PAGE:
The patent system attempts to spur innovation by granting researchers a right to exclude others from using their invention, which provides the researchers with a temporary monopoly on their discoveries.26 With this monopoly, a researcher can earn a “patent subsidy” by charging more for products that use the invention or by licensing the invention to her competitors.27 In effect, society is subsidizing the invention by way of higher prices. To be patentable, an invention must be novel, useful, and non-obvious.28 It must also be a process, machine, manufacture, or composition of matter.29 A patent holder can sue infringers30 to enjoin their use and to recover damages.31 The great benefit of the patent system is that it more closely aligns an inventor’s expected value in doing research with society’s total expected value from that research.32 Harkening back to the example in the previous Section, a patent would allow Ford to charge its competitors to use the assembly line. In a perfect market, Ford would earn an extra $150,000, which would equalize Ford’s expected value and the expected value to society. The patent system succeeds in aligning social welfare with research incentives when socially valuable ideas—with patent protection—command large profits or high licensing fees. To be sure, patent does not operate to maximize social welfare in all cases: some discoveries, like surgical checklists, are notoriously hard to monetize even with patent protection, and these goods will be systematically underproduced without other subsidies.33 Nevertheless, the patent system does succeed at providing significant subsidies for inventions of large social value that would otherwise be underproduced.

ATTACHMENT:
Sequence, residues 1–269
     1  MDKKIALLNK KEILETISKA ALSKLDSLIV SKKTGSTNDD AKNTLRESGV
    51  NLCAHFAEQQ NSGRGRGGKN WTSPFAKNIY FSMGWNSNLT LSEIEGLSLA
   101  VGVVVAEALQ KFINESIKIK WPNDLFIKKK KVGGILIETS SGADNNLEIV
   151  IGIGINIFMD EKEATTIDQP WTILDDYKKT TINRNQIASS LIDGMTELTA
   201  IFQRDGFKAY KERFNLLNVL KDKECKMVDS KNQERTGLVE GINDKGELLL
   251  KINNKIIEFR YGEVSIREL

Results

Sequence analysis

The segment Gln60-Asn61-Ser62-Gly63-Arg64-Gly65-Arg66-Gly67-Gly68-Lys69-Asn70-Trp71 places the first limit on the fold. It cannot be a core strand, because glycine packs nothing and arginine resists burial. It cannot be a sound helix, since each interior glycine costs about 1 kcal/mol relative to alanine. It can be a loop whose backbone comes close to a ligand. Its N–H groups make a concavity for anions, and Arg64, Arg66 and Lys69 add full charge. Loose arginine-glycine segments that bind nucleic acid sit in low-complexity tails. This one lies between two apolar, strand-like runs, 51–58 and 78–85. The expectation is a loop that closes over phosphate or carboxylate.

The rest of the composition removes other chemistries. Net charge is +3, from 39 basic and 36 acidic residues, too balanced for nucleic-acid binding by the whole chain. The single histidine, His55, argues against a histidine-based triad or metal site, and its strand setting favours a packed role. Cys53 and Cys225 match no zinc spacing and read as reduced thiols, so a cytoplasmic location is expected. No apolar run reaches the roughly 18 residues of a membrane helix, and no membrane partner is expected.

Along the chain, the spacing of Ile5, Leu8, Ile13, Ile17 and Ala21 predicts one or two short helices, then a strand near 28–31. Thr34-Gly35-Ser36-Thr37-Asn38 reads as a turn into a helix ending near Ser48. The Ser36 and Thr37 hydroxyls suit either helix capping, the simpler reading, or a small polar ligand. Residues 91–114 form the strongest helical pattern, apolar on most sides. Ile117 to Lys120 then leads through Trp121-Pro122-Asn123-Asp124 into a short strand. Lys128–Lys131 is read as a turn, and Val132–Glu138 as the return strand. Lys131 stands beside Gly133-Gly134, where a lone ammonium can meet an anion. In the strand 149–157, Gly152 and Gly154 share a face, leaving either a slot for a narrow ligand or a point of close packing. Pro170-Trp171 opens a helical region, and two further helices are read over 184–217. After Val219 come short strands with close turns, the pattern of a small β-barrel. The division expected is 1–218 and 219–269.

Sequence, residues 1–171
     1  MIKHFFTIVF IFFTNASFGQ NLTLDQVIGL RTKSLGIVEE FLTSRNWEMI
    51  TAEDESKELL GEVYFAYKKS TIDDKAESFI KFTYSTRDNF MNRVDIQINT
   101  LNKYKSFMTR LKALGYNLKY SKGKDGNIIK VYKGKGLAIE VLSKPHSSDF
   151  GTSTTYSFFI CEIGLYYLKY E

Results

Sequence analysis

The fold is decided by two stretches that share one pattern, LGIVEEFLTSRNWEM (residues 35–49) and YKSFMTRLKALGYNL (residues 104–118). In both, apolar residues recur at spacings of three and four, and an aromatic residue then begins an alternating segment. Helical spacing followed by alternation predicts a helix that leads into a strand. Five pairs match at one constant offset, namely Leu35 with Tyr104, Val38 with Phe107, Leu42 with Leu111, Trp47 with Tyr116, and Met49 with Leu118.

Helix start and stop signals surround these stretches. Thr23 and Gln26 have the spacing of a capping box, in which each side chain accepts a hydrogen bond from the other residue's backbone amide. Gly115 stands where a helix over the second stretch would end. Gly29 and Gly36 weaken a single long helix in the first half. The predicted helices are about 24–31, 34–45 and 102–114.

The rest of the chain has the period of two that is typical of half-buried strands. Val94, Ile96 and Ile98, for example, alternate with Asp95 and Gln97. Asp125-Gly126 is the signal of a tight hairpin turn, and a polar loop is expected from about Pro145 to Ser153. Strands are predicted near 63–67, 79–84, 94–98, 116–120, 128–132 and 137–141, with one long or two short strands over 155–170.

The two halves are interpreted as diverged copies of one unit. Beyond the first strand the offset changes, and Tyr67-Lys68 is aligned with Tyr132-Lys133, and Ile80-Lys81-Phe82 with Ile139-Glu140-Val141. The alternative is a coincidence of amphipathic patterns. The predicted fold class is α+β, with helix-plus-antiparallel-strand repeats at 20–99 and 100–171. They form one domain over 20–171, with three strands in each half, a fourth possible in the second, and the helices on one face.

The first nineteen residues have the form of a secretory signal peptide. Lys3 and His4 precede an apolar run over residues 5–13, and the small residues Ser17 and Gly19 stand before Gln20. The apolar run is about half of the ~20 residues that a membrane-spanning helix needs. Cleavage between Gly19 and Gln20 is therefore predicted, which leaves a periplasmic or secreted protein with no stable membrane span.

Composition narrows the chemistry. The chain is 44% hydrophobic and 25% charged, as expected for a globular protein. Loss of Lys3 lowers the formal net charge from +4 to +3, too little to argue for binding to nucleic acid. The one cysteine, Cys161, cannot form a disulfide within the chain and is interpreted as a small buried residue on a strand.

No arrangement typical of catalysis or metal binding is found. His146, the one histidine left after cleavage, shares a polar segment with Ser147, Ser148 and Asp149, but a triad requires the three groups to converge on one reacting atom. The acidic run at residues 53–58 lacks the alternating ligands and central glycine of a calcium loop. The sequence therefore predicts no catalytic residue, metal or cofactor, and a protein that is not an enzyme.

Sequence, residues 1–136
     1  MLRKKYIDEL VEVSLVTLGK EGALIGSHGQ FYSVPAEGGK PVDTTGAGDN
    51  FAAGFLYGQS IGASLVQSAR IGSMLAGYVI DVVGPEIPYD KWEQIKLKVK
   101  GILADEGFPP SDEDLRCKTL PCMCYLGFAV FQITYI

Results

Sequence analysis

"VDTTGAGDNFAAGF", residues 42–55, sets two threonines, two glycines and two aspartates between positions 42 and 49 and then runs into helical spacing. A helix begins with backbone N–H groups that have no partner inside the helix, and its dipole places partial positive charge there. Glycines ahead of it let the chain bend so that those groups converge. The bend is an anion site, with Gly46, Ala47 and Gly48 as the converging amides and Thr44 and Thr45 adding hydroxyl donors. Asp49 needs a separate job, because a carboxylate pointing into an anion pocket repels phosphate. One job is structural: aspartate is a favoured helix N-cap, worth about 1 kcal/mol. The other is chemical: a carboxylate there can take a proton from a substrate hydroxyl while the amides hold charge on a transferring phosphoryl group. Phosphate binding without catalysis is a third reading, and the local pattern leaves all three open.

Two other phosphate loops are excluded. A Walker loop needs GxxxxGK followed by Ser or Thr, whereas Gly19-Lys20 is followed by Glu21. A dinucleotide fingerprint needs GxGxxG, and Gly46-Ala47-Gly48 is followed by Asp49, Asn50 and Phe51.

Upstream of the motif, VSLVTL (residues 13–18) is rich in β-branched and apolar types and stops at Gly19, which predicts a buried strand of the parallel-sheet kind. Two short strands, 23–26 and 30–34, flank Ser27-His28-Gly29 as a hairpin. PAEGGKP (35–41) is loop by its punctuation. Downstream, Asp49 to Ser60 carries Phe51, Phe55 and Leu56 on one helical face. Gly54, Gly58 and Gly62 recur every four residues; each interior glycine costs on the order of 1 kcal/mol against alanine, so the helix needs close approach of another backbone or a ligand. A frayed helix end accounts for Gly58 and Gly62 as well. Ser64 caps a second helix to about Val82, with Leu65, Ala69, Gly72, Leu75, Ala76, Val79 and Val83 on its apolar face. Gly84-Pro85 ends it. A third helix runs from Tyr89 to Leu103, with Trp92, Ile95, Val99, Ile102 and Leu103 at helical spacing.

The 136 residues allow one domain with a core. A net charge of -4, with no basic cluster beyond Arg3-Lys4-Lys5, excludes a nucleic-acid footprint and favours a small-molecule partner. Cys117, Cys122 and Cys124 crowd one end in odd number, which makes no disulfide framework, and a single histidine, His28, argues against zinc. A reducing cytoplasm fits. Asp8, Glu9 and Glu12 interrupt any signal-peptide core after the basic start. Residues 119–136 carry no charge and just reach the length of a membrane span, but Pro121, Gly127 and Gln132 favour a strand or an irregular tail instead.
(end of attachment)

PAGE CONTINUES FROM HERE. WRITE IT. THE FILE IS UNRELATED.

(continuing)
In exchange for these handsome rewards, the patent system demands a quid pro quo34: inventors seeking patents must disclose their invention publicly.35 Disclosure ensures that the invention can be easily reduced to practice by the public at the end of the patent term.
A final notable feature of the patent system is that it harnesses the inventor’s own knowledge about the value of the research.36 Government regulators do not need to vet the project ahead of time. Rather, the inventor decides what she thinks will be the most profitable course of research. This is an advantage because we assume that researchers are best situated to evaluate the probability of success and the commercial viability of their research agenda. By exploiting this privately held knowledge, the patent system avoids the costly and duplicative bureaucracy of direct government funding.
Through the mechanisms described above, the patent system aims to improve social welfare by producing innovations that would not otherwise have come about. However, the patent system also involves several drawbacks. It imposes deadweight loss via monopoly pricing: some consumers who would be willing to pay the competitive price of a good (i.e., the price without any patent protection) will not buy at the monopoly price; this missed exchange is a social welfare loss.37 Additionally, patents can hinder innovation by other researchers, who will have to pay licensing fees and may be excluded altogether from using patented ideas to further their own research.38 Because of these substantial costs—which are incurred even for inventions that would have emerged without patent—policymakers should only seek to distribute patent protection to the extent necessary to optimally stimulate research.